In the United Kingdom, the Department for Environment, Food & Rural Affairs (Defra), London, published Guidance to the Application of Date Marks to Food in 2011. Its goal is to reduce premature disposal by specifying food packaging carry a “use-by” or “best-before” date instead of a “sell-by” and “display-until” date. “We want to end the food labeling confusion and make it clear once and for all when food is good and safe to eat,” explained Environment Secretary Caroline Spelman in a statement. “This simpler and safer date labeling guide will help households cut down on the £12 billion [US$19 billion] worth of good food [5.3 million tons] that ends up in the bin.” For more information, visit www.gov.uk/government/publications/guidance-on-the-application-of-date-labels-to-food.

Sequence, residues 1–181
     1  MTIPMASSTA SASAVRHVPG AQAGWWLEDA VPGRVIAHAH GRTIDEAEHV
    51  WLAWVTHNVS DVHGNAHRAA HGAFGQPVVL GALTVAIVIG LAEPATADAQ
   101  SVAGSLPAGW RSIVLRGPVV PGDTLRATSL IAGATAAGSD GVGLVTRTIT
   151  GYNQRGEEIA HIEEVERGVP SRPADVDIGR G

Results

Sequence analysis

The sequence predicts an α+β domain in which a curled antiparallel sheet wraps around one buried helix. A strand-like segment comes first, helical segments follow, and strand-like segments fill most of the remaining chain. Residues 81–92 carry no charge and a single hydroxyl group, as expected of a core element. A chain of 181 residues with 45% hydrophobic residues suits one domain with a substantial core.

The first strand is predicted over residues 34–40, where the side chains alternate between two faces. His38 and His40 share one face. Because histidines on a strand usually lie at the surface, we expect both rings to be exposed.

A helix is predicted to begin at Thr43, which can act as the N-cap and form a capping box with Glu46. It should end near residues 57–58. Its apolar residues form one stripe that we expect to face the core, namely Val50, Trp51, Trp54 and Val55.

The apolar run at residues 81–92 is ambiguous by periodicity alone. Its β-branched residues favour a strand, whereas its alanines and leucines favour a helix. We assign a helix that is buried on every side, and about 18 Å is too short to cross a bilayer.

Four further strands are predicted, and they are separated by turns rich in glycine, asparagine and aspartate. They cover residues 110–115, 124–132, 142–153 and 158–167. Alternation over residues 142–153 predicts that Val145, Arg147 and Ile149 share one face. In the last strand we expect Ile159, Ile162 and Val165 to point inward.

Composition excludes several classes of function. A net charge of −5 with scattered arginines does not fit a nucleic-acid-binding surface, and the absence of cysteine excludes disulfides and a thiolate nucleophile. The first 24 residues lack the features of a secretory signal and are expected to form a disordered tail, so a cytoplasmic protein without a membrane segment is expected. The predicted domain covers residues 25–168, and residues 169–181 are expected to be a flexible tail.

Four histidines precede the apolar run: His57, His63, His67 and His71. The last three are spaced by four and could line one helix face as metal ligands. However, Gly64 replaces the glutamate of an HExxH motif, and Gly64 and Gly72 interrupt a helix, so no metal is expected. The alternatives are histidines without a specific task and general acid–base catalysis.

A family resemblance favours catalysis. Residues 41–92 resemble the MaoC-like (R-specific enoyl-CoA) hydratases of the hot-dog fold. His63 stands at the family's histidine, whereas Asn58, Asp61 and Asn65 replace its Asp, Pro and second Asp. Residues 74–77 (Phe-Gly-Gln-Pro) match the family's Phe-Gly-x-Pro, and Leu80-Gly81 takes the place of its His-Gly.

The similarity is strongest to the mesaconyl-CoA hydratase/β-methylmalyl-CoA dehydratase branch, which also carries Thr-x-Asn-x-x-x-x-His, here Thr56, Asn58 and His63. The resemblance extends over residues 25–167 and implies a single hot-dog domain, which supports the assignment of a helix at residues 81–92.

Closer to home EPA’s Food Recovery Challenge asks participants to set specific food-waste targets and then works with them to measure progress and attain goals. In a related effort, the U.S. Department of Agriculture, Washington, DC, and the EPA encourage producer groups, processors, manufacturers, retailers, communities and other government agencies to join the U.S. Food Waste Challenge. Founding members include General Mills, St. Paul, MN, and Unilever, Englewood Cliffs, NJ, as well as a number of other food companies and industry groups.
Participants in the U.S. Food Waste Challenge commit to:
The Food Waste Challenge also provides web-based resources including food waste measurement tools and information about recovery/donations and recycling. Consumers don’t participate directly, but part of the website, www.usda.gov/oce/foodwaste/index.htm, offers guidelines regarding food purchase, storage and use-by dating.